Lighting a Fire in the Blood

I continue to be in awe of the Theory U process and the experiences and reflections brought about by ULab. This is not a lighthearted romp.  It’s captured me and many others. Writing is part of the journey so here goes.

Smartly, the course designers set us up with a full week (Week 0) of orientation.  Our work centered around setting goals and intentions for the course, connecting with other participants to form a case clinic coaching circle, and creating a shared experience through watching the documentary Fire in the Blood.

A little background…

The beginning of the U process about is breaking out of habitual patterns and seeing a system from others’ perspectives. A “sensing journey” is one tool to facilitate this shift in awareness. You can think of a sensing journey as a field trip designed to open the heart.  For ULab, Fire in the Blood was our sensing journey.  Film maker Dylan Mohan Gray generously allowed ULab participants free access to the film.  Fire in the Blood chronicles the systemic dysfunctions that prevented millions in Africa with AIDS from accessing life saving medications long after the cost of the medications dropped.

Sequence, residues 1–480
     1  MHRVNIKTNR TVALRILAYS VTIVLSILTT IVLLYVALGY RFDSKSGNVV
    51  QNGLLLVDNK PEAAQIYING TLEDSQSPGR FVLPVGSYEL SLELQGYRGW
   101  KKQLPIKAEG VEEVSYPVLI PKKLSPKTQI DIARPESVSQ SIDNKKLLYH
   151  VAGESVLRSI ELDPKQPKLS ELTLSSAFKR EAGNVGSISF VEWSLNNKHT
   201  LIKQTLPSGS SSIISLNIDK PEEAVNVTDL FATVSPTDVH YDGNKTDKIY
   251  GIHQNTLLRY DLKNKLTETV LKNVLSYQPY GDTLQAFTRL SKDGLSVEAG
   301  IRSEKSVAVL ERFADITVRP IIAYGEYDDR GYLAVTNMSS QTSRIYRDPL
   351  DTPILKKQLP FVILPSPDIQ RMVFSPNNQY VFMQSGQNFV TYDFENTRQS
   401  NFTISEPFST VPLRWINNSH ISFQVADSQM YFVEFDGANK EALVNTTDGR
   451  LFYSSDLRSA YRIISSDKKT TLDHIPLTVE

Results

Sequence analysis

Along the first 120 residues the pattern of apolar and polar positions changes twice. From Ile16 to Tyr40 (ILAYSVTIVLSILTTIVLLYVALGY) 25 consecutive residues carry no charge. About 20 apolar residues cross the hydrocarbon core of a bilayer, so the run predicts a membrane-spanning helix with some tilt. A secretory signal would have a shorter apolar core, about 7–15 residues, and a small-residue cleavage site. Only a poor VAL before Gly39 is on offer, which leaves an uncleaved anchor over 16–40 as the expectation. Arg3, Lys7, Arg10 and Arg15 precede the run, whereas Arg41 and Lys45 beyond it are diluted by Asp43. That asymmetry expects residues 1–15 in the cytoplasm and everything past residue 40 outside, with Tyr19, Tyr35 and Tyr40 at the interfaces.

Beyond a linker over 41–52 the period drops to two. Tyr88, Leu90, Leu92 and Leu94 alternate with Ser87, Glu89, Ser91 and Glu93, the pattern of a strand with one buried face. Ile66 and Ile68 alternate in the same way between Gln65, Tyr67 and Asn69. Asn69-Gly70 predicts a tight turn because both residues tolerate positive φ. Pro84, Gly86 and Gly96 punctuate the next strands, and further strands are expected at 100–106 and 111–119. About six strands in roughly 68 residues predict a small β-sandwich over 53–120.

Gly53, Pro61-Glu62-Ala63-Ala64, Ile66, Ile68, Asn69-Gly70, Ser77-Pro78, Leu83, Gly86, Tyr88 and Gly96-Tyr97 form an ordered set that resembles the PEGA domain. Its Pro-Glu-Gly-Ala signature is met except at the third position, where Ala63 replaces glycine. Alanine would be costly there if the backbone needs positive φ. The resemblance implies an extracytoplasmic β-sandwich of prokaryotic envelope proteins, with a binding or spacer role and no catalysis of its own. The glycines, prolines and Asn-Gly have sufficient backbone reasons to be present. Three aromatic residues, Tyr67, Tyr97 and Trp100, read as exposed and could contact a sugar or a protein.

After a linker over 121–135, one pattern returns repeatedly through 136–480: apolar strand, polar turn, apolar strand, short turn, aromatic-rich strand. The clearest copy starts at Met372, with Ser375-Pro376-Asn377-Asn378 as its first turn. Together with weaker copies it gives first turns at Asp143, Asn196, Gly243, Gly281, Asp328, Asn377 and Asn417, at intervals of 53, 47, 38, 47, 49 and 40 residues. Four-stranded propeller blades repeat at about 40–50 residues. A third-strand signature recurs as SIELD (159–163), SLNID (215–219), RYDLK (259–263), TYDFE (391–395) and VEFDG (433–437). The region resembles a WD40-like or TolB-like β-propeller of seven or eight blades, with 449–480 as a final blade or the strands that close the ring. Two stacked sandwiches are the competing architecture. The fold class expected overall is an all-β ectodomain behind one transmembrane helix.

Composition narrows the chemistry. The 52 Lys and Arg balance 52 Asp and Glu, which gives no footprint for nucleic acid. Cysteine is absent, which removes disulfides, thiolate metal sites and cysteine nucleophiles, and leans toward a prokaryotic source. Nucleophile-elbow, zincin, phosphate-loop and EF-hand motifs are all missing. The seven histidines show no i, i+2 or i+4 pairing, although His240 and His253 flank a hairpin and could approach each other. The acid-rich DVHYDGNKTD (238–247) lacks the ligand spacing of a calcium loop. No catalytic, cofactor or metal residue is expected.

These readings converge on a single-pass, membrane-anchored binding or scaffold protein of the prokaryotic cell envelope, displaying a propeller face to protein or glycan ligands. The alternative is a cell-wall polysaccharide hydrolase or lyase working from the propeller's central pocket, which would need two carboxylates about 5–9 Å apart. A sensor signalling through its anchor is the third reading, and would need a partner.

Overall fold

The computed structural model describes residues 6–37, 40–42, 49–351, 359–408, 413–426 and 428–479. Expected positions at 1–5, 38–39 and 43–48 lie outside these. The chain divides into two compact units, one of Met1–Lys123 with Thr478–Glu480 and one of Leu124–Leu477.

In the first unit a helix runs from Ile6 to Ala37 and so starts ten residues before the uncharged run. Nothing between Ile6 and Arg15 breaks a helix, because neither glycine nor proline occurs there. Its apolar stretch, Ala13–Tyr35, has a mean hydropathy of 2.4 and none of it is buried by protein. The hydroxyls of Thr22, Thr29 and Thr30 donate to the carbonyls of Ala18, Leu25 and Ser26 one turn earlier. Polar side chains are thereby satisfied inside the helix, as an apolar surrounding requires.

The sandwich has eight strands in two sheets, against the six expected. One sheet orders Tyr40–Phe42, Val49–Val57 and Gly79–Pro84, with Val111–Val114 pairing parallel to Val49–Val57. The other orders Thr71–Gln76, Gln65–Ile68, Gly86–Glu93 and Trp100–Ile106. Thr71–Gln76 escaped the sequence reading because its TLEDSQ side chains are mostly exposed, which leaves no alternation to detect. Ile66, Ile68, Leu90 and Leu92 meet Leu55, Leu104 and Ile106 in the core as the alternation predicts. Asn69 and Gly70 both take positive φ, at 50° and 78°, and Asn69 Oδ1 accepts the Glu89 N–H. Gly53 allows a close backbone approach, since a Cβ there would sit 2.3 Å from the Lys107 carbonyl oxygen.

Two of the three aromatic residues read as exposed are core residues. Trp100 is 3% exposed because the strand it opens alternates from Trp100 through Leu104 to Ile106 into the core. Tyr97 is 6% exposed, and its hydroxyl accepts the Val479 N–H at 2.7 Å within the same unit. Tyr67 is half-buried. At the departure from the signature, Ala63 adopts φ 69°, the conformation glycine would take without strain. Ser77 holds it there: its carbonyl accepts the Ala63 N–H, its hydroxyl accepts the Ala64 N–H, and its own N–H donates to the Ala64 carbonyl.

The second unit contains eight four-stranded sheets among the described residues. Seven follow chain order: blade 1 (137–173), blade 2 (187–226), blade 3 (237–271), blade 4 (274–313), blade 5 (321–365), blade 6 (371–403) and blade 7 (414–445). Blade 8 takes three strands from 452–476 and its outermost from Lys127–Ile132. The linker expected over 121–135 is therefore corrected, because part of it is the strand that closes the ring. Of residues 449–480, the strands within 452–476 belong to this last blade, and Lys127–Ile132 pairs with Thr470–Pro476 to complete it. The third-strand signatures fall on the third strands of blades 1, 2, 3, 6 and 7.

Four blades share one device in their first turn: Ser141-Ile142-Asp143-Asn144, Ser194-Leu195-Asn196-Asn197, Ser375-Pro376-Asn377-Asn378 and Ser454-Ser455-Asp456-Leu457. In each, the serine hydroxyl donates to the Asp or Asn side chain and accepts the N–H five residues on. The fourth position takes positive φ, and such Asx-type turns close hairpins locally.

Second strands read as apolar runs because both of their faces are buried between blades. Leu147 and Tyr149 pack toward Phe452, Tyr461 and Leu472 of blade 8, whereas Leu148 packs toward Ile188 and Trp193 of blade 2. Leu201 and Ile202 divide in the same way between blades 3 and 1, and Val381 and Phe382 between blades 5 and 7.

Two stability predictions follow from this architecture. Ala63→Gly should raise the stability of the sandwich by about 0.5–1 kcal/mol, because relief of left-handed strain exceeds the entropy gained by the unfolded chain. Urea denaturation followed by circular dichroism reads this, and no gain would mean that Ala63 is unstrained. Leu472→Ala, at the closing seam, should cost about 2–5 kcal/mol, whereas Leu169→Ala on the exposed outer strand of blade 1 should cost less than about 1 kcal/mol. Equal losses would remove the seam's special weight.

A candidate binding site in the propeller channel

Image by DodgertonSkillhause from morguefile.

Image by DodgertonSkillhause from morguefile.

Rather than taking notes and gathering facts as I tend to do, in the spirit of ULab, I watched and listened with as open a heart as I could. The two hours I spent watching Fire in the Blood was a journey through the emotional landscape:  anger, disbelief, sorrow, hope, aching, compassion, relief.

It reminded me of seeing Roméo Dallaire speak about Shake Hands with the Devil, his account of being the force commander of the UN Assistance Mission for Rwanda during the Rwandan genocide.  My friend Andrea and I read Dallaire’s book and attended a talk he gave years ago. I was grateful for the ULab discussion boards after watching Fire in the Blood and know Andrea would have cried along with me this time, too.

One of the moments that brought me to tears was when medical staff told how they were forced to decide who would live and die because there was not enough medication for everyone in need.   If doctors determined I was the most appropriate person to receive the medication it would mean my family members would die.